Irish colleges succeed in challenging interim laws

15, January, 2015


Interim rules for approved international education providers in Ireland due to come into effect this month are now being reconsidered by the government, following a successful legal challenge against the regulations by two private colleges.



The website of Academic Bridge, one of the schools that successfully challenged Ireland's interim accreditation rules


The challenge by two Dublin-based institutions – the National Employee Development Training Centre (NEDTC) and Academic Bridge – claimed that the Minister for Justice had acted outside her powers and the proposed interim accreditation system had no basis in law.

As previously reported, an interim register was due to be established from the beginning of this month, acting as an approved list of providers authorised to accept non-EU students on student visas until Ireland’s planned International Education Mark (IEM) system comes into effect. Implementation of the register was delayed pending the outcome of this case.

The interim List of Eligible Programmes (ILEP) was due to include Acels -accredited English language schools and higher education programmes at Level 6 and above.

Justice Marie Baker ruled that the interim requirement that English programmes had to be Acels accredited was unlawful because applications to Acels were closed and there was no alternative accreditation option open to providers, therefore the Minister did “unduly fetter her discretion in limiting the set of bodies or persons that may be eligible for inclusion on the interim list”.

The judge adjourned the cases for final orders but said that until the introduction of the IEM, the Minister would have to adopt different accreditation criteria for inclusion on the interim list. Justice Baker was also of the view that Quality and Qualifications Ireland (QQI) does not have the power to operate the Acels accreditation system.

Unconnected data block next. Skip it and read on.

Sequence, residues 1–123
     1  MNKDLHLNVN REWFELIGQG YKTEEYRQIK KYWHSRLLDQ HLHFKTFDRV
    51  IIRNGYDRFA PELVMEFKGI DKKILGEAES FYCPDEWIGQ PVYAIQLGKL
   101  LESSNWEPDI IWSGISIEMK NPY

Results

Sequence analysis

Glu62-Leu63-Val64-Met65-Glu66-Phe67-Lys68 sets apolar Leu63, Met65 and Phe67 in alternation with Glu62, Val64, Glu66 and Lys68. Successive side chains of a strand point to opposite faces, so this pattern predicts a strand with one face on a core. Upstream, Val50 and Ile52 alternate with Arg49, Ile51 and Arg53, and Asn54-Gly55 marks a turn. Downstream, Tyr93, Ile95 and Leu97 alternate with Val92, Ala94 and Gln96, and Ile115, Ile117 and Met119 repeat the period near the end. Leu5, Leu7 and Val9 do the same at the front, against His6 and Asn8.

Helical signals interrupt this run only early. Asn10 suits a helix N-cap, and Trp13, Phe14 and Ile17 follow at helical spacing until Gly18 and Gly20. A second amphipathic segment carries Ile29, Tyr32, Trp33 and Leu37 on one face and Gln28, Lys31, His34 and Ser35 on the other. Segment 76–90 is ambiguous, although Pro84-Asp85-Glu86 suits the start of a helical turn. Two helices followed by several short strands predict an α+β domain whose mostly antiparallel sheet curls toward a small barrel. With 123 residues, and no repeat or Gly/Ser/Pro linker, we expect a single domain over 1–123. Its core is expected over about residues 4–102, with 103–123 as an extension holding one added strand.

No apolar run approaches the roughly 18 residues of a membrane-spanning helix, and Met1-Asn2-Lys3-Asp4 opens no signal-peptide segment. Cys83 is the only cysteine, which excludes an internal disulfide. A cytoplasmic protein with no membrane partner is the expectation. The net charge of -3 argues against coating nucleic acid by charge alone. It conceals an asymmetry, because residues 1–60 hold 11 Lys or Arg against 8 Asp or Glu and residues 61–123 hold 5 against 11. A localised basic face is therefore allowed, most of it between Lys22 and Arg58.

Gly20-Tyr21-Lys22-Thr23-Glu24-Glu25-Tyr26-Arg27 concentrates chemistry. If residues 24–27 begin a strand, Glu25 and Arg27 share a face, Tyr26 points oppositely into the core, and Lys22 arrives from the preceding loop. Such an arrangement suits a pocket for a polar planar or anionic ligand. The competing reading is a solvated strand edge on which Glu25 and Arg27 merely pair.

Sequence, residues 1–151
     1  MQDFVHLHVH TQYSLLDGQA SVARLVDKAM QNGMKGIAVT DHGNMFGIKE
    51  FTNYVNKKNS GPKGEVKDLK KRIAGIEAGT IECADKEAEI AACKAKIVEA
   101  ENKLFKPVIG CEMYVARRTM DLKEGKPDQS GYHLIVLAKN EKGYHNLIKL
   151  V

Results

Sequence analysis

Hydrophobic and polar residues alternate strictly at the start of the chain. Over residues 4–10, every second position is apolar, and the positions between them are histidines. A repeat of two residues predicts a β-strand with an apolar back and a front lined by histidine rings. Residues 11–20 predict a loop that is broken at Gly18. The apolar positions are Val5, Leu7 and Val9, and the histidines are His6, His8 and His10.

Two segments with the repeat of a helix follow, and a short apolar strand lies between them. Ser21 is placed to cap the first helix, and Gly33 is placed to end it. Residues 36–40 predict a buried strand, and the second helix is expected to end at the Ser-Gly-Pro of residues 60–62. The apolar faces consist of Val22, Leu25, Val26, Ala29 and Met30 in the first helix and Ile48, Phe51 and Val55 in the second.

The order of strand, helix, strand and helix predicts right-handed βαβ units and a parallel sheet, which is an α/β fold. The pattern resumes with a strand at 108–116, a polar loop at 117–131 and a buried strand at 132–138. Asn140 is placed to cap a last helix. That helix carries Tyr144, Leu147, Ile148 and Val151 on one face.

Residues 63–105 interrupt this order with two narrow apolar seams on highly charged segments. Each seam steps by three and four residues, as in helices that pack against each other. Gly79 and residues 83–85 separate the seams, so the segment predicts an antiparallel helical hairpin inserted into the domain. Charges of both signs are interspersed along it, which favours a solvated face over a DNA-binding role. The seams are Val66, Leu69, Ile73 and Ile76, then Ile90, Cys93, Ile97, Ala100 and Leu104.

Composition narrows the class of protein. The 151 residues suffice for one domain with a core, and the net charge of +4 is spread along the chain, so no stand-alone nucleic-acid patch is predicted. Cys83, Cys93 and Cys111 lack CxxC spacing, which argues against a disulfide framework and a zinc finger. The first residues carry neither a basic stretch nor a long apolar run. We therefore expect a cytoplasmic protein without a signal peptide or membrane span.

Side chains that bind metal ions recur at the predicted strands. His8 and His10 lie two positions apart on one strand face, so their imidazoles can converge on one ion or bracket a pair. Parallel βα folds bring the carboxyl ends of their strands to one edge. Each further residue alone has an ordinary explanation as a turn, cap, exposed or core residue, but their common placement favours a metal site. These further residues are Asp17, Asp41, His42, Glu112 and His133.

NEDTC failed the Acels accreditation process in 2014, while the other is currently being considered for accreditation. The colleges have hundreds of students enrolled at any time, mostly from outside the EU, the court heard. Both colleges were listed on the Internationalisation Register under previous rules, meaning non-EU students enrolled at the colleges were generally granted a 12-month visa.

A joint statement issued by Minister of Justice and Equality, Frances Fitzgerald, and Minister for Education and Skills, Jan O’Sullivan, said the judgement was being examined by the departments.

“The Ministers for Justice and Equality and Education and Skills are fully committed to delivering on the government’s regulatory reforms programme in this area announced in September 2014. The Ministers will examine the range of options that are available to progress the reforms in a manner consistent with the High Court decision, and without prejudice to a possible appeal,” said the Ministers in the statement.

“The government is committed to maintaining Ireland’s reputation as a high-quality destination for international students and will continue to implement all necessary reforms to protect that reputation.”

The new regulations were announced in September last year following a spate of high-profile college closures, the majority of which were operating programmes accredited by non-Irish bodies.

Shelbourne College, one of the institutions that closed last year, has this week informed the Irish Naturalisation and Immigration Service that it intends to seek voluntary liquidation, and INIS said that some deposit funds paid by non-EU students who then failed to obtain visas may not yet have been returned.

A statement said, “INIS is aware of allegations that the college has failed to refund monies due to certain students whose visa applications were refused. While INIS cannot comment on specific allegations regarding refund of fees it is understood that some funds remain outstanding and the affected students should continue to pursue this issue with the college.

It should be noted that if a private business is allegedly involved in defrauding a person with whom it has dealings this is a matter for the application of criminal law and should be reported to An Garda Síochána for appropriate criminal and/or fraud investigation. A college taking money from students pending a visa application is fully aware that they have no entitlement to those funds until the student is confirmed as being allowed to come to Ireland as a student.”  

INIS recommends that Shelbourne College students already in Ireland should contact the Student Taskforce, which was established last year to assist students displaced by closures.

 

 

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